Great ideas for using up bits and pieces of leftover fabrics. I have to say that the Fabric Origami site just blew my mind! I can see this becoming an obsession.....once I figure out how to follow the instructions ; ) Thank heaven I'm such a packrat....I have lots to practice with! Thanks so much for sharing this with us.

Follow your bliss ~~ Joseph Campbell
Jean's picture

(post #24509, reply #15 of 18)

Wow! The fabric origami is dynamite!! Looks like something I'm going to have to try.

Along the way take time to smell the flowers.

A  clear conscience is usually the sign of a bad memory.
http://www.thebreastcancersite.com/
help to provide free mammograms for women in need
CTI's picture

(post #24509, reply #16 of 18)

Wonderful site, thank you. It looks like they will last forever. 

Barbaran8's picture

(post #24509, reply #12 of 18)

Get Rosemary Eichorn's book - Fabric Collage - you will never consider tossing another scrap again!

nbutler6's picture

(post #24509, reply #13 of 18)

Thank you everyone for the flood of ideas and suggestions; there is really no end to the inventiveness of sewers it seems.  I'm off to reassess my scraps assortment!!

becksnyc's picture

(post #24509, reply #17 of 18)

For gifts, I like making cosmetic bags with decorator scraps (line with clear vinyl).  Simple top zip.  Boxed corners. My gal friends make jewellery bags (the roll up kind or the circular kind with a pull tie).  Tote bags can be pieced, as can book covers.  Others make book marks with fringed edges, stamped, etc.  I've made artist's brush and pencil holders that roll closed and tie.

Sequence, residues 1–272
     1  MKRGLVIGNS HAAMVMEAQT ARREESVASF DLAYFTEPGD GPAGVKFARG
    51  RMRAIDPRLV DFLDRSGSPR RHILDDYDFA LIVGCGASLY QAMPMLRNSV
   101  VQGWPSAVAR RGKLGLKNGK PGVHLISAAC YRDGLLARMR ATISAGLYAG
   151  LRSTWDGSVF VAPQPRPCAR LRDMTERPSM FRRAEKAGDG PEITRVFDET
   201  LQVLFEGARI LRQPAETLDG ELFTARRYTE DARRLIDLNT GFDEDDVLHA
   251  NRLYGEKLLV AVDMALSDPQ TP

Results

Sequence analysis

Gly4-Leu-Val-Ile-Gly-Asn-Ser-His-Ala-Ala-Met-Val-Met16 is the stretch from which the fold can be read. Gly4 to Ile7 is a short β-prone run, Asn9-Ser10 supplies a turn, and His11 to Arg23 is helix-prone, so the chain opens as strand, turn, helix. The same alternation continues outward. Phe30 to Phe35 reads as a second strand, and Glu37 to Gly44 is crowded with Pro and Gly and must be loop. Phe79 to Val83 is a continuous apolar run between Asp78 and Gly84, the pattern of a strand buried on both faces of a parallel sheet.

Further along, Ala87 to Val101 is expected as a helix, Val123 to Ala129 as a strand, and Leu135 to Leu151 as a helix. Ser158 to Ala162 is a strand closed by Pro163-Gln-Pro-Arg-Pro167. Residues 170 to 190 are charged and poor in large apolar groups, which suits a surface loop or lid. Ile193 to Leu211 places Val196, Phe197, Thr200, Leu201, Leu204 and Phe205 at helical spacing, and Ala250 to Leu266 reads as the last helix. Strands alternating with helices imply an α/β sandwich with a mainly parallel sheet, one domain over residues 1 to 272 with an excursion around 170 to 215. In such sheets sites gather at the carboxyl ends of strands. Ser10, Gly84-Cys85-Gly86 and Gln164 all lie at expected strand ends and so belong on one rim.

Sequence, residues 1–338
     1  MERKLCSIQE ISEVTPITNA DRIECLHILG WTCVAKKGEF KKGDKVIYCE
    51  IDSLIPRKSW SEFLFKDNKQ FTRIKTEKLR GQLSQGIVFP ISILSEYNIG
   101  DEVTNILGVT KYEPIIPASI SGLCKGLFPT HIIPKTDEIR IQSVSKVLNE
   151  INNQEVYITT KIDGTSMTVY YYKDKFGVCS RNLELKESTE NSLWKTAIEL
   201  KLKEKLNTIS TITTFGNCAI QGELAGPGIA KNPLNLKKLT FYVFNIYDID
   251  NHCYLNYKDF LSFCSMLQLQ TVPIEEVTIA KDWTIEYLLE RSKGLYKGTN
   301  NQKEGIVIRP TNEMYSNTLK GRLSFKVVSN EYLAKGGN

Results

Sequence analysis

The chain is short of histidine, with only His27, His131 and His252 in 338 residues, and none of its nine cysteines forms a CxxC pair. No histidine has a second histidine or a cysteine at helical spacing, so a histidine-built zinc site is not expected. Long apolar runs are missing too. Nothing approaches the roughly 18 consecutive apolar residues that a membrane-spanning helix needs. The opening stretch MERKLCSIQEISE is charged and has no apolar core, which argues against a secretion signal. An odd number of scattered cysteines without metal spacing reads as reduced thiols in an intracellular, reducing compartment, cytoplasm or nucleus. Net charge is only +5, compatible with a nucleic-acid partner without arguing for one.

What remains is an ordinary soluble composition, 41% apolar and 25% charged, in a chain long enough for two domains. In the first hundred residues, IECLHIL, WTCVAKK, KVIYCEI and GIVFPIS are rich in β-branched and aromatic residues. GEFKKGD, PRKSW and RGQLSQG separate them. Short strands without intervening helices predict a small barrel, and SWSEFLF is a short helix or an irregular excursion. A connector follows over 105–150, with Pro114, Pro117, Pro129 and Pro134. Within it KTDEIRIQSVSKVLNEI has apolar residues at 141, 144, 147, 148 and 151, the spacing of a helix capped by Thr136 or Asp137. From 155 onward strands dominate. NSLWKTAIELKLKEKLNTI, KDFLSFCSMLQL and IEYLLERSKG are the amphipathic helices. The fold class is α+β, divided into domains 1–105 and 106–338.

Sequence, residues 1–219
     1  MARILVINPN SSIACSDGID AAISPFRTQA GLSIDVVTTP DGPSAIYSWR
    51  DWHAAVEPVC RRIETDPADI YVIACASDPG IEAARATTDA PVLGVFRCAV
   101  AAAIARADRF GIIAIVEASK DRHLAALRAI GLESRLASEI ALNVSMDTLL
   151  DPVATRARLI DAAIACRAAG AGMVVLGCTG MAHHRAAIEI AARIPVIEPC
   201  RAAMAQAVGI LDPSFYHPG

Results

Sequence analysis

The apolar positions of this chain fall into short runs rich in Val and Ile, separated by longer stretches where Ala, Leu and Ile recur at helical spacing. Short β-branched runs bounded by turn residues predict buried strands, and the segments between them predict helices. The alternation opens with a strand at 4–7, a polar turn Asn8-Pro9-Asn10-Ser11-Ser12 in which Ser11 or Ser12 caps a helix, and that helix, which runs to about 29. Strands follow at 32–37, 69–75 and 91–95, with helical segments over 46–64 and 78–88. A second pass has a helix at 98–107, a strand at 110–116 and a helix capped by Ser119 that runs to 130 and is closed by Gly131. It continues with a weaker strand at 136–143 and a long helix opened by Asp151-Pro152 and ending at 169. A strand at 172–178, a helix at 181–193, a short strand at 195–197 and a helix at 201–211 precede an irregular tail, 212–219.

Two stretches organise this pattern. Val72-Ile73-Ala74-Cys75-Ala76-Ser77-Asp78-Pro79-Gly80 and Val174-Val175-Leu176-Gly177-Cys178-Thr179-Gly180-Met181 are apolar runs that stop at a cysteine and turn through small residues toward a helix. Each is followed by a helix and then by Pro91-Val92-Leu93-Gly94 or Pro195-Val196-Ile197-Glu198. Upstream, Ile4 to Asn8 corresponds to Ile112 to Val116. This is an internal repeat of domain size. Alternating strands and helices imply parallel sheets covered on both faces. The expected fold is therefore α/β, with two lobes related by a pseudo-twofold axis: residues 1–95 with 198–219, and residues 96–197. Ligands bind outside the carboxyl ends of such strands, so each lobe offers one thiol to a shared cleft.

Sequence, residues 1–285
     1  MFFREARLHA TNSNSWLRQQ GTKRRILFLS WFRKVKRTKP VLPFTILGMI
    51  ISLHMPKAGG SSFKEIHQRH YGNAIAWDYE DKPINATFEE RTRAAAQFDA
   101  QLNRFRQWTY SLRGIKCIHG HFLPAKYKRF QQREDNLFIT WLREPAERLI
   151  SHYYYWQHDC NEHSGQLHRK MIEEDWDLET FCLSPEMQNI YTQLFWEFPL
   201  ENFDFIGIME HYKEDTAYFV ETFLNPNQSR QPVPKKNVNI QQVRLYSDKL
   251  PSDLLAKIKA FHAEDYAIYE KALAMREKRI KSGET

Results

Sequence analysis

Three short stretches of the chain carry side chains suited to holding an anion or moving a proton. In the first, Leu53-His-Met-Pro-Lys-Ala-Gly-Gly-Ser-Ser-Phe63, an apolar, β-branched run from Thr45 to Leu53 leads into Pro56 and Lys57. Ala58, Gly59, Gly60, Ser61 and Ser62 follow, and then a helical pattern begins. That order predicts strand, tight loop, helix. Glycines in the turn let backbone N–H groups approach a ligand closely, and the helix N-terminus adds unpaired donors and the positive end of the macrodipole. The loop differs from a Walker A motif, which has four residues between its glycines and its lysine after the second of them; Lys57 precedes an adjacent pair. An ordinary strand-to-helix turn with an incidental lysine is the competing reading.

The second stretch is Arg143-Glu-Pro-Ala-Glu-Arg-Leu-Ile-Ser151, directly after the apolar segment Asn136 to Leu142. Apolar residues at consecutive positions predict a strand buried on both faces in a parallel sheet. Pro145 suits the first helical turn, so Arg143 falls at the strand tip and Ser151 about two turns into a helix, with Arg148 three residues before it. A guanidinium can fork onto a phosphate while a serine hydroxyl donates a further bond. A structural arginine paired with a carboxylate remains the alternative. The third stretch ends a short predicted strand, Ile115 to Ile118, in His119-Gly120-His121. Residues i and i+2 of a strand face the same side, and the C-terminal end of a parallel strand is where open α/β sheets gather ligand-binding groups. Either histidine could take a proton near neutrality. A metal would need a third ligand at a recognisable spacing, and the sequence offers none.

Also, always have a homemade wrist pincushion or two around my shop.  I stuff a little pillow, about 1 1/2" wide by 3" long and put a piece of cardboard along one side.  Stuff it with dacron or polyfill.  Then cover a piece of 3/4" elastic and make a circle the size of my wrist.  Sew the pillow to the wrist band with cardboard closest to the band (keeps pins from sticking your wrist) and fill with pins.  It goes with me wherever I go!  And with alot less risk of scratches from pins sticking out of one of the magnetic wrist cushions, and none of the pain of plastic ones with the pillow glued on top.


I use different color linings for the sleeves of some of my jackets--menswear jackets are made that way, so why not mine?


I also loved the frugal ideas.  We are so wasteful with the earth's resources in this rich land, every effort to make the best of what we already have is better news for the generations to come.


Becks, NYC

nbutler6's picture

(post #24509, reply #18 of 18)

Thanks Becks; I particularly liked the idea of the wrist pincushion and I'm going to make one post haste.  I used to have one and when it eventually wore out I've missed it a lot.  Oddly enough I didn't even think to make one up and its a terrific idea.